We all pray for more - more money to get us to the end of the month, more time with our kids, more patience with the people who annoy us, more time in the day to get things done. In one of the famous prayers in history, St. Patrick prayed for more too. But unlike most of our ordinary prayers, St. Patrick prayed for more Christ.
Christ be with me, Christ within me,
Christ behind me, Christ before me,
Christ beside me, Christ to win me,
Christ to comfort and restore me.
Christ beneath me, Christ above me,
Christ in quiet, Christ in danger,
Christ in hearts of all that love me,
Christ in mouth of friend and stranger.
The first time I heard this portion of what has been called St. Patrick's "Breastplate prayer," I was in my college Chorale and it was the text of an anthem we were singing. Since that time, I have remembered this prayer and often come back to it, especially when my prayer life is in a rut and my prayers start to sound selfish. St. Patrick's desire to increase the presence of Christ in every nook and cranny of life is something I want for my life too. And I believe it is what Jesus wants for all of us.
When your prayer life feels dry and you find yourself using the same words and making the same requests, take a cue from St. Patrick and pray for more Christ. What richness we have in our Savior! Oh, how Jesus longs to give us more of Himself! We have only to ask.
This article originally appeared in "The Connection," - the weekly bulletin for FSBC Lawrence.
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Monday, March 12, 2012
Tuesday, March 06, 2012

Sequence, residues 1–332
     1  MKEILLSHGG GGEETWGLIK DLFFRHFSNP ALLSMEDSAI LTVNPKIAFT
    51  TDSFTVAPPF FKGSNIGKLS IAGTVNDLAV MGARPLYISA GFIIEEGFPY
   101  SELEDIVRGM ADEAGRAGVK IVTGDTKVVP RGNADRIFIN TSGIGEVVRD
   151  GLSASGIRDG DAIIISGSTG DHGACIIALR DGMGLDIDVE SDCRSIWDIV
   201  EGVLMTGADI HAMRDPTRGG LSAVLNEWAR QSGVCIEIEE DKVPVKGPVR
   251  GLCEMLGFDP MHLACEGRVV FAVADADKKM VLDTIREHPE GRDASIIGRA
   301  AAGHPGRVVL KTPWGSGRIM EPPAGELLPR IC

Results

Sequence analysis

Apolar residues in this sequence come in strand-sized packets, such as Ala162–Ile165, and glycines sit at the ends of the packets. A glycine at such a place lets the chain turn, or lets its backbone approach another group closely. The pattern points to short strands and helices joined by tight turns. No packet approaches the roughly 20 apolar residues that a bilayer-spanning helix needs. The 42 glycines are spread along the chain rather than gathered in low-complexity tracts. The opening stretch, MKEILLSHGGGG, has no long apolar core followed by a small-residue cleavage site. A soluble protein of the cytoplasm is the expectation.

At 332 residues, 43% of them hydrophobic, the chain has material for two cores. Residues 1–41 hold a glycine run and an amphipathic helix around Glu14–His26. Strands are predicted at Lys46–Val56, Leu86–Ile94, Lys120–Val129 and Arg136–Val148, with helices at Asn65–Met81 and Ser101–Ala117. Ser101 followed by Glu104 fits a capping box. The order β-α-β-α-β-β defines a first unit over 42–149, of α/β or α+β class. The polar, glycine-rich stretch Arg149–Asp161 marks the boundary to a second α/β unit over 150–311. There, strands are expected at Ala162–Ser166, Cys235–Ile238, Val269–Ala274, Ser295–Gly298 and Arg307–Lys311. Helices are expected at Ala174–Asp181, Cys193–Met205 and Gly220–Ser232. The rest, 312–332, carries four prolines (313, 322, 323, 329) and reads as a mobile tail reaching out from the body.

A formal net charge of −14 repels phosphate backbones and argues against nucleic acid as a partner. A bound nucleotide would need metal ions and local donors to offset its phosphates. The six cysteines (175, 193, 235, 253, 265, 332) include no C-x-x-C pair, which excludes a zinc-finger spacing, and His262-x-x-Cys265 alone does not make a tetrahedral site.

But the hour is coming, and is now here, when the true worshipers will worship the Father in spirit and truth, for the Father is seeking such people to worship him. (John 4:23 ESV)
As a worship pastor, I absolutely love to see people singing praises to God, who is worthy of our highest praise and adoration. I love a good upbeat song sung by the choir or a solo that reminds me of the hope we have in Jesus. We might call this spirited worship. But is this what it means to worship in "spirit?"
Henry Blackaby and Ron Owens posed this question in their study on worship; Worship Believers Experiencing God. You can purchase it here. What does it mean to worship God in Spirit? It's a question worth asking. For a more detailed answer you really should buy the study book. But I'll try to convey a couple of Blackaby and Owens' points.
When Jesus says the Father is seeking "worshipers" who will worship in spirit and in truth, I don't think he means that God is seeking a "spirited" display of music and singing. In fact, it has little or nothing at all to do with music. Rather, we become true worshipers of God by being born of his spirit.
Jesus answered, “Truly, truly, I say to you, unless one is born of water and the Spirit, he cannot enter the kingdom of God. That which is born of the flesh is flesh, and that which is born of the Spirit is spirit. (John 3:5-6 ESV)
It is the Spirit who gives life; the flesh is no help at all. The words that I have spoken to you are spirit and life. (John 6:63 ESV)
The Father is seeking true worshipers. He desires worshipers whose hearts are filled with His Spirit.
- Worshipers who worship in spirit have come alive in Christ. They have been born of the spirit into the kingdom of God.
- Worshipers who worship in spirit have hearts responsive to the conviction of the Holy Spirit. They confess and repent, and offer worship from hearts that have been cleansed, forgiven and restored by Christ.
- Worshipers who worship in spirit maintain a spirit of honesty with God. When they disobey or otherwise fail to obey God, they confess it before Him and offer a broken and contrite heart. (Psalm 51)
- Worshipers who worship in spirit focus on God with and without the use of music. Music is only one vehicle of expressing their worship. Their love is also expressed to the Father through obedience, service, loving others, and living out a testimony of grace that woes they lost friends to the Savior.
Father, I long to be the kind of worshiper You seek. My heart is Yours. Forgive me when I have sought to offer You worship through a heart of pride. I repent and bend my heart toward You that I may know Your joy and worship You in the way You desire. May I worship You in a spirit of obedience and love that goes beyond an hour on Sunday and saturates my everyday life.